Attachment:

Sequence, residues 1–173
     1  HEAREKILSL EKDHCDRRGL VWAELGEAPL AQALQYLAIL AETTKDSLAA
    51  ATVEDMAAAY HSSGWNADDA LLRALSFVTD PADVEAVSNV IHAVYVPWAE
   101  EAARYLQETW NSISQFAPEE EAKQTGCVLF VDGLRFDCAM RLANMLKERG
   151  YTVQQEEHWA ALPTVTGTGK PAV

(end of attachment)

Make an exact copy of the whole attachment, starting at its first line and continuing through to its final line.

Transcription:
Sequence, residues 1–173
     1  HEAREKILSL EKDHCDRRGL VWAELGEAPL AQALQYLAIL AETTKDSLAA
    51  ATVEDMAAAY HSSGWNADDA LLRALSFVTD PADVEAVSNV IHAVYVPWAE
   101  EAARYLQETW NSISQFAPEE EAKQTGCVLF VDGLRFDCAM RLANMLKERG
   151  YTVQQEEHWA ALPTVTGTGK PAV